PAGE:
Last reviewed: 24 Feb 2023
Last updated: 23 Feb 2023



History and exam

Key diagnostic factors

  • presence of risk factors
  • abdominal distension
  • jaundice and pruritus
  • blood in vomit (haematemesis) and black stool (melaena)
  • hand and nail features (e.g., leukonychia, palmar erythema, spider naevi)
  • facial features (e.g., telangiectasia, spider naevi, jaundiced sclera)
  • abdominal features (e.g., collateral circulation, hepatosplenomegaly, distension)
  • altered mental status
More key diagnostic factors

Other diagnostic factors

  • constitutional symptoms
  • lower extremity swelling
  • hepatic fetor
  • muscle wasting
  • peripheral oedema
  • recurrent infections
  • decreased libido
  • chest wall features (e.g., gynaecomastia)
  • dyspnoea
  • chest pain
  • syncope
Other diagnostic factors

Risk factors

  • alcohol misuse
  • intravenous drug use
  • unprotected intercourse
  • obesity
  • country of birth
  • blood transfusion
  • tattooing
More risk factors

Diagnostic investigations

1st investigations to order

  • liver function tests
  • gamma-glutamyl transferase (GGT)
  • serum albumin
  • serum sodium
  • serum potassium
  • prothrombin time
  • platelet count
  • antibodies to hepatitis C virus
  • hepatitis B surface antigen ± hepatitis B DNA assay
More 1st investigations to order

Investigations to consider

  • total iron, total iron binding capacity (TIBC), transferrin saturation, and serum ferritin
  • antinuclear antibody
  • antismooth muscle antibody
  • antimitochondrial antibody
  • serum immunoglobulins
  • serum ceruloplasmin
  • plasma alpha-1 antitrypsin
  • alpha-fetoprotein
  • abdominal ultrasound
  • abdominal CT
  • abdominal MRI
  • upper gastrointestinal endoscopy
  • liver biopsy
  • non-invasive tests of liver elasticity
More investigations to consider

Treatment algorithm


all patients



Apostolos Koffas, MD (AUTH), MRCP (UK)

Clinical Research Fellow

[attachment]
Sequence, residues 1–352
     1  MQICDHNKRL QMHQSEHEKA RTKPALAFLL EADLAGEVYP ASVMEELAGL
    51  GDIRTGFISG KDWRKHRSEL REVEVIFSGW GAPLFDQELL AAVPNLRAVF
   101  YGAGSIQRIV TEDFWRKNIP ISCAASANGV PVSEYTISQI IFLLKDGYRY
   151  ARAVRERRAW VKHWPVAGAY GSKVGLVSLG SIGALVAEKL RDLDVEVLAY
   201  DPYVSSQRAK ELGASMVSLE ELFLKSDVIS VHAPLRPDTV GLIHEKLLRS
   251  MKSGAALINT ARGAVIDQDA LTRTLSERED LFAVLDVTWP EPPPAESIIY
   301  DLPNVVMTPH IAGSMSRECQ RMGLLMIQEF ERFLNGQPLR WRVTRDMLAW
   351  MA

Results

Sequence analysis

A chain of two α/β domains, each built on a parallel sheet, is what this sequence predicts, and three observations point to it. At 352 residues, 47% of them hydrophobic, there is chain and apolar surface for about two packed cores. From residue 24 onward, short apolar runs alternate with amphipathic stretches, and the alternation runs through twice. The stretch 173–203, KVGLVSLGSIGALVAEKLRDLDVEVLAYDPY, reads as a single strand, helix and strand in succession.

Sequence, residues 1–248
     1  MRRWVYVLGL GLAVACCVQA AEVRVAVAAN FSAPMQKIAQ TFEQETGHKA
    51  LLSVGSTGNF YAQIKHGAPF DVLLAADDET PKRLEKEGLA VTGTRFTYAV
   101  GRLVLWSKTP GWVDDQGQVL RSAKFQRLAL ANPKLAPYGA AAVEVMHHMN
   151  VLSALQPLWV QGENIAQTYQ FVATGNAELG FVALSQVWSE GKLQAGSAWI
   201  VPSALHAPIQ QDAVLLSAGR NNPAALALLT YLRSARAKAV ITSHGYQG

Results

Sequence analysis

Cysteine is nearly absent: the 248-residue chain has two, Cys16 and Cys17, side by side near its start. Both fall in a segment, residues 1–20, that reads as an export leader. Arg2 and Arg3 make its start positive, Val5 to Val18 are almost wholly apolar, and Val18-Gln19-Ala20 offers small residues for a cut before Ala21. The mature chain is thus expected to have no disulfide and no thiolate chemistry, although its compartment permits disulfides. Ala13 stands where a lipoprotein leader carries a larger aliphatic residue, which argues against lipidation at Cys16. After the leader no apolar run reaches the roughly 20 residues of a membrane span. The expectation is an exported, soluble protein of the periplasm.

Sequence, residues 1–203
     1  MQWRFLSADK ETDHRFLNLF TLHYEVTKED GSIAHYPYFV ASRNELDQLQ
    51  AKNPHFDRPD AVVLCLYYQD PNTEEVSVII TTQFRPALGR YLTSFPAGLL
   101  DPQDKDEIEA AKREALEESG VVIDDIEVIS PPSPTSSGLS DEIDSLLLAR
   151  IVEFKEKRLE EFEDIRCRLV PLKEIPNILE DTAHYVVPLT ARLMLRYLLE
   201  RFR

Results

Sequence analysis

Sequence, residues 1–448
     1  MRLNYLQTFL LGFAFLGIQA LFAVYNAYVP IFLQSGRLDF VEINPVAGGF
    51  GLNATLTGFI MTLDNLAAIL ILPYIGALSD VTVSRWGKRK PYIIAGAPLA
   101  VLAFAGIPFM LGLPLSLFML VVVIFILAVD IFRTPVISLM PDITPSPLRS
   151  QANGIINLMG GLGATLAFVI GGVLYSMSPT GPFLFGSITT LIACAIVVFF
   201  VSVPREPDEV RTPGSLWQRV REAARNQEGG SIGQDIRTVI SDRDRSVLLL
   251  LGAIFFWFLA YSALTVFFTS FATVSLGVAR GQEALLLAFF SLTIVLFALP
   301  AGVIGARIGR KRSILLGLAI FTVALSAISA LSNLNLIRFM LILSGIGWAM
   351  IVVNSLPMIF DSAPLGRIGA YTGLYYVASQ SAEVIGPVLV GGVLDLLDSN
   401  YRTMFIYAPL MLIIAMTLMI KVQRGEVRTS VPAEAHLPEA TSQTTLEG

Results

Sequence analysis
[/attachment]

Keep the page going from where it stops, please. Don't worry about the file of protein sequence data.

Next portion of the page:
Barts Liver Centre

Barts and the London School of Medicine and Dentistry




AK declares that he has no competing interests.

Patrick T. F. Kennedy, MB, BCh, BAO, BMedSci, FRCP, MD

Professor and Consultant Hepatologist

Barts Liver Centre

Barts and the London School of Medicine and Dentistry




PTFK acts as an advisor for Gilead Sciences, Janssen, and Immunocore. PTFK has received grant funding from Gilead Sciences. These roles are unrelated to the current article.


Dr Apostolos Koffas and Professor Patrick T. F. Kennedy would like to gratefully acknowledge Dr Grace E. Dolman, Dr Keith D. Lindor, and Dr Flavia Mendes, previous contributors to this topic.


GED declares that she has no competing interests. KDL is an unpaid advisor for Intercept Pharmaceuticals and Shire Pharmaceuticals. FM declares that she has no competing interests.

Peer reviewers

Nancy Reau, MD

Assistant Professor of Medicine

University of Chicago

Center for Liver Disease




NR declares that she has no competing interests.

Cynthia Levy, MD

Clinical Assistant Professor

Division of Gastroenterology Hepatology and Nutrition

University of Florida




CL declares that she has no competing interests.

James Neuberger, DM, FRCP, Hon

Consultant Physician

Hon Professor in Medicine

Associate Medical Director NHSBT

Queen Elizabeth Hospital




JN declares that he has no competing interests.

  • Cirrhosis images
  • Differentials

    • Budd-Chiari syndrome
    • Portal vein thrombosis
    • Splenic vein thrombosis
    More Differentials
  • Guidelines

    • Palliative care and symptom-based management in decompensated cirrhosis
    • Drug, herbal, and dietary supplement-induced liver injury
    More Guidelines
  • Patient leaflets

    Cirrhosis: what is it?

    Cirrhosis: what treatments work?

    More Patient leaflets
  • Videos

    Ascitic drainage animated demonstration

    More videos
  • padlock-lockedLog in or subscribe to access all of BMJ Best Practice

Use of this content is subject to our disclaimer